Mortgage rates kicked off the year by marching higher, making affordability again a top concern among homebuyers in 2023.
The average rate on the 30-year fixed mortgage inched up to 6.48% from 6.42% the week prior, according to Freddie Mac. That marks two straight weeks of increases after the rate steadily declined since mid-November and is the highest level to start a new year since 2002, when the rate was 7.14%.
Without a meaningful decline in rates and recession fears still brewing, housing activity likely will remain muted, experts said, with both buyers and sellers waiting out the seasonally slow winter.
“Mortgage application activity sunk to a quarter century low this week as high mortgage rates continue to weaken the housing market,” Sam Khater, Freddie Mac’s chief economist, said in a statement. “While mortgage market activity has significantly shrunk over the last year, inflationary pressures are easing and should lead to lower mortgage rates in 2023.”
Buyers strayed from purchase plans
Demand for purchase mortgages remained scarce toward the year-end, the latest survey from the Mortgage Bankers Association found. Purchase activity was down 12.2% from two weeks earlier and 42% lower than a year ago. Overall, purchase demand hit its lowest level since 1996.
The dip in demand was not surprising during the holidays, Joel Kan, MBA’s vice president and deputy chief economist said in a statement, noting that rates also ended the year “well above 6% and the threat of a looming recession” continued to sour many buyers’ purchase plans.
Going into 2023, affordability remains a big disincentive. Just take a look at the numbers.
The payment on a median-priced home increased from $1,443 in January 2022 to $2,285 at the end of last month after putting 10% down. That payment takes up 30.2% of a buyer’s monthly household income, according to calculations Realtor.com exclusively shared with Yahoo Finance, nearly 50% more than in January.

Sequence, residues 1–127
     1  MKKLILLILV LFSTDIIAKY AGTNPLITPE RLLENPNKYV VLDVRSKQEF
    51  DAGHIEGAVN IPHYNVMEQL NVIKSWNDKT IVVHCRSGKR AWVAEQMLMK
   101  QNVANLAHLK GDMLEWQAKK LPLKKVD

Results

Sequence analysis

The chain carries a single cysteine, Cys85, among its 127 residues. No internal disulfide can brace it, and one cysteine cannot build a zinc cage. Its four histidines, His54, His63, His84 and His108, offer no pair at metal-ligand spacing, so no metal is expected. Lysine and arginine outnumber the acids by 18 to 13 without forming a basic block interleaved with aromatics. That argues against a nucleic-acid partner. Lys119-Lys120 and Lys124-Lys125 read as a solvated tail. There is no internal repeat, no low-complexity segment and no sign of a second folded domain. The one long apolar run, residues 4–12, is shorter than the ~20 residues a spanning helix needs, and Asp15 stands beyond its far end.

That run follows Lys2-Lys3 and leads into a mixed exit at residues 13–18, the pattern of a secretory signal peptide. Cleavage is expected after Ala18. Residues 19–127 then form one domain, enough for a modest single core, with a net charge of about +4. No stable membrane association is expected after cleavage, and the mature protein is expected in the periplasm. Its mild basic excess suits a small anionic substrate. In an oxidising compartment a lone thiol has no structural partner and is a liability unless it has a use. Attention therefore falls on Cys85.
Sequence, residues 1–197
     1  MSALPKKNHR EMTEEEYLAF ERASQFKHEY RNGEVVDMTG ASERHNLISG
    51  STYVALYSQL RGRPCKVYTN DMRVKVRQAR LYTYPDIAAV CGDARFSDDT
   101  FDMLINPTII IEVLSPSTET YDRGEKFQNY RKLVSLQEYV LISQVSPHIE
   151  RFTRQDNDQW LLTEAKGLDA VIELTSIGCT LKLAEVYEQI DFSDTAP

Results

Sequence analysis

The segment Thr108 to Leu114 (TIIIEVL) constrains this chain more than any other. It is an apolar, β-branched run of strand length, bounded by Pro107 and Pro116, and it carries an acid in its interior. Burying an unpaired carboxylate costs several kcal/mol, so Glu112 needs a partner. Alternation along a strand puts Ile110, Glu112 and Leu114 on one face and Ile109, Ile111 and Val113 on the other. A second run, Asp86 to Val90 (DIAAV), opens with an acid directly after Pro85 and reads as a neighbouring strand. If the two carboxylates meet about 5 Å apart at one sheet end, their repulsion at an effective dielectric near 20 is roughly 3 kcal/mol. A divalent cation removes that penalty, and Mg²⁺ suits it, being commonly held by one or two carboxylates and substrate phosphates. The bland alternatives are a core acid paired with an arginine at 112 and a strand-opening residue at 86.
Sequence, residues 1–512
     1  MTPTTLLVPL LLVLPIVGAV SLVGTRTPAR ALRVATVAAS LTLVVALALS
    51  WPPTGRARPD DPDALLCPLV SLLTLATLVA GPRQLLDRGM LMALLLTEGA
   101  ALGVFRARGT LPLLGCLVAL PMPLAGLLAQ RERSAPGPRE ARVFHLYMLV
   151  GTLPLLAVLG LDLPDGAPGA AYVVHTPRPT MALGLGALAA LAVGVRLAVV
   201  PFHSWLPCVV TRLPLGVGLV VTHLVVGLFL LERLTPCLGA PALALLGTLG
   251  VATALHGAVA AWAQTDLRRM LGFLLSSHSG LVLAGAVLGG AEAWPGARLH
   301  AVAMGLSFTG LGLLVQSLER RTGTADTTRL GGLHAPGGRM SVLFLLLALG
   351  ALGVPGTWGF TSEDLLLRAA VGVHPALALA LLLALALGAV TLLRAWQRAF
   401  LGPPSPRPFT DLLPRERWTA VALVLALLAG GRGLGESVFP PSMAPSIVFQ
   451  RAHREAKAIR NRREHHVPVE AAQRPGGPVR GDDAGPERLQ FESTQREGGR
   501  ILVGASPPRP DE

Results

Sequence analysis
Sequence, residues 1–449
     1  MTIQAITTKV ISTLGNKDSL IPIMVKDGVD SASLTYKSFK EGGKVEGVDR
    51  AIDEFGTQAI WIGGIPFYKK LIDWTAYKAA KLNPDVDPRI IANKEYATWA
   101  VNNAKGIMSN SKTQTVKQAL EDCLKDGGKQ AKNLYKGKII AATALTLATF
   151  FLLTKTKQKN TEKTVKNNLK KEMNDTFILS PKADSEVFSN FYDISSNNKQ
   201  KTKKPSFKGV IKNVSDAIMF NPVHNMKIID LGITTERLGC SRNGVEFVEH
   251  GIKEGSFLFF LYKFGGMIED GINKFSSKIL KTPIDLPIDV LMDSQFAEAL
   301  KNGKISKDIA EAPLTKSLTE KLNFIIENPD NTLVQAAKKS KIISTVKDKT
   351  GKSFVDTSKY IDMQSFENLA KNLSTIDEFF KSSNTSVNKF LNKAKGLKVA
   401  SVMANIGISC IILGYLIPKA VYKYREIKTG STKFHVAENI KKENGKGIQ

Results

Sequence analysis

Even if rates come down following a recession this year, it’s unlikely that will ease buyers budgets.
“If things economically fall off a cliff at some point and mortgage rates fall a little more say nearing 5.5%, that’s not really all that cheap relative to what most potential homebuyers expect,” Keith Gumbinger, vice president of HSH.com, told Yahoo Finance. And “if you’re looking for a lateral move, or a bigger house, you’re facing both higher interest rates and still high home prices.”
Number of homes for sale continued to drop
A growing number of home sellers are also pulling their listings off market this winter, as homebuyer demand remains low.
The inventory of homes for sale in December shrunk by 26.8% over the past year, Realtor.com data found, compared with a 26% drop in November. That’s the third straight month where the number of homes for sale declined.
For buyers still in the market, the triple whammy of inflation, climbing interest rates and home prices registered over the past year have been an obstacle many have yet to recover from, experts say.
“We had record low mortgage rates just a little over a year ago,” Gumbinger said. “For most potential homebuyers today, the 7% run we saw at the end of last year is the first time they’ve ever seen rates that high.”
Newly listed homes for sale in December also decreased by 6.1% year over year, according to Realtor.com, with sellers listing at rates 12.9% lower than typical 2017 and 2019 levels. That’s the fourth month of declining new seller activity, adding to already strained inventory bottlenecks.
And those sellers who don’t pull their listings must readjust their pricing expectations. The share of home price reductions climbed from August to November, retreating only marginally in December.
“As a seller, you’re probably not in a hurry to sell your home that was worth $450,000 last year and is now worth $300,000,” Gumbinger said. “They are saying, ‘to hell with it, I’ll stay here.’”
Gabriella is a personal finance reporter at Yahoo Money. Follow her on Twitter @__gabriellacruz.
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